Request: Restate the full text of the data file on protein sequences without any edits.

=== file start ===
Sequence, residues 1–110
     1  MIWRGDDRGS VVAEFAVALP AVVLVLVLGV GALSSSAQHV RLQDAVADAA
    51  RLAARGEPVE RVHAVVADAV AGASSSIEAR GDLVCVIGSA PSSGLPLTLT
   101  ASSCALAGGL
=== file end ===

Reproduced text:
Sequence, residues 1–110
     1  MIWRGDDRGS VVAEFAVALP AVVLVLVLGV GALSSSAQHV RLQDAVADAA
    51  RLAARGEPVE RVHAVVADAV AGASSSIEAR GDLVCVIGSA PSSGLPLTLT
   101  ASSCALAGGL